• Eat and drink. Many hospitals still limit the intake of food and liquids once you are admitted to labor and delivery. Take advantage of this time to stay hydrated and eat well, even if it’s not super appealing. You’ll need the energy later, I promise!
  • Rest. If at all possible, rest. Even if that means a 9 minute nap in between 10 minute apart contractions. This is not the time to go walk the mall to get things ‘moving’. Your body is doing valuable work all on its own!
  • Make some love-me’s. I love encouraging clients to put together some goodies for their hospital team during labor! Not only does it help keep your mind and hands busy, bringing in some sweet treats for the nursing staff can set a really positive tone when you meet your hospital team for the first time.
  • Stop staring at the clock. Yes, it’s super tempting to time every.single.contraction. It feels like somehow you have more control that way. Latent labor can go on for hours, so put away that contraction timer and just be for a while. I promise you won’t miss your own labor!
  • Do something you love. Watch a great funny movie, check out the library, go be in nature. If it’s day time and you’re struggling with sleep, keep your oxytocin high by enjoying your time! Don’t sit on your couch waiting and wondering- these are the hours to laugh and smile before you really have to dig in and focus.
  • Casually keep an eye out for signs to call your provider about. While you don’t need to be staring at the clock, I do encourage you to really tune into your body during this time. Fluid leaking, severe headache, swelling, lack of movement from baby, visual disturbances, or any struggles with your own respiration or heart rate warrant an immediate call to your provider, no questions asked. Even an unexplainable ‘gut feeling’- your own intuition is a powerful tool worth listening to.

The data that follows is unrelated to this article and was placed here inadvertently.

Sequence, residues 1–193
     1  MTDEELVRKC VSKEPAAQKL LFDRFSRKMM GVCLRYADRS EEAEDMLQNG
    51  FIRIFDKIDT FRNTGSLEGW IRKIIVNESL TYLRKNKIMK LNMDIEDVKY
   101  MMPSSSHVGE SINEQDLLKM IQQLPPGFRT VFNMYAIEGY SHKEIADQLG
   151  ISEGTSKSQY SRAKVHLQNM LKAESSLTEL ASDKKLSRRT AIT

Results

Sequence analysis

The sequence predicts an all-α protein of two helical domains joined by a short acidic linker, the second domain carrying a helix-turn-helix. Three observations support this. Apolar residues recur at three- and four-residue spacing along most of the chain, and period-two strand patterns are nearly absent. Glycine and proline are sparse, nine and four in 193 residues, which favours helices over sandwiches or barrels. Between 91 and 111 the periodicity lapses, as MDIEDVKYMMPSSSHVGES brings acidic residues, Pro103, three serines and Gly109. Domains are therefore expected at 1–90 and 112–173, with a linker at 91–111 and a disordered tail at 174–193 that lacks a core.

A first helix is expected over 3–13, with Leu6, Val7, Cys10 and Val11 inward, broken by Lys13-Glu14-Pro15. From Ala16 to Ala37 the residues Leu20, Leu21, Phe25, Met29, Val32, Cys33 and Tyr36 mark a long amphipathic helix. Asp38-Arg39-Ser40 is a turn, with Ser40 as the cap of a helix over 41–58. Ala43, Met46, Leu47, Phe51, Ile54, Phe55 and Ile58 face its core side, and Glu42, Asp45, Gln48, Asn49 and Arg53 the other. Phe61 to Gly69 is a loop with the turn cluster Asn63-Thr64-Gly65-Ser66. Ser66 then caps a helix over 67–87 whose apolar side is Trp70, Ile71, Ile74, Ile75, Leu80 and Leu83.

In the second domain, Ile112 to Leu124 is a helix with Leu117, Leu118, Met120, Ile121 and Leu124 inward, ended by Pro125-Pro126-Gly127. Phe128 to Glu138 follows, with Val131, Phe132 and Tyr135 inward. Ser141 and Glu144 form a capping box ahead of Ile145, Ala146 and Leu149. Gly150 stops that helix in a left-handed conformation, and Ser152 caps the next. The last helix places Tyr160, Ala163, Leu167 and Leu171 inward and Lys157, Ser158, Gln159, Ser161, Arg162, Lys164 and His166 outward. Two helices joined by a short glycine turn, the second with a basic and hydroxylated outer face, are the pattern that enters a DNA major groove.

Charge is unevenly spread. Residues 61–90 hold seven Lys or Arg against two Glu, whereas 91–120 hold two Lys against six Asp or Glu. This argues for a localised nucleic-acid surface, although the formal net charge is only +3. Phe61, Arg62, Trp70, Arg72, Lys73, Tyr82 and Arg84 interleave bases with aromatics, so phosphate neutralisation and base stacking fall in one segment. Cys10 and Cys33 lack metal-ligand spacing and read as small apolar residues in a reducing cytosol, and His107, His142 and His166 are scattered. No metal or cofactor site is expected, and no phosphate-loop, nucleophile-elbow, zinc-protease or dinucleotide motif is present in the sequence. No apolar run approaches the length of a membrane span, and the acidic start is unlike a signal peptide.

• Lastly – we strongly advise that you consider NOT announcing to the world you’re in labor just yet. We live in an increasingly digital world, but birth is not a spectator sport. You know what can really undermine your confidence and positive birth experience from the get-go? 500 Facebook friends calling, texting, messaging, and knocking on your door because you said you were in labor 24 hours ago and WHERE IS THAT DANG NEWBORN PICTURE??? Maintain a hedge of privacy around your labor and birth experience and keep everyone on a need-to-know basis.

Wait – how long?!

Latent labor in first-time moms can extend over a full day, night, and sometimes even off-and-on for a few days. It’s easy to become discouraged when you’ve been timing contractions for 12 hours and you arrive to the hospital to hear you’re ‘only’ 2cm dilated. Staying home in familiar surroundings where you have the things (and people) you love is one of the best things you can do to help your labor progress.

Remember, you’ve got this! And we can help…

If you’re looking for childbirth education classes in Baltimore, remember that not all classes are created equally! Learn more detailed, practical information like this about latent labor and everything you need to feel ready to have your baby in either our Complete Childbirth or Birth Basics classes. Find out more about all of our classes including dates and times, by clicking to our Classes page.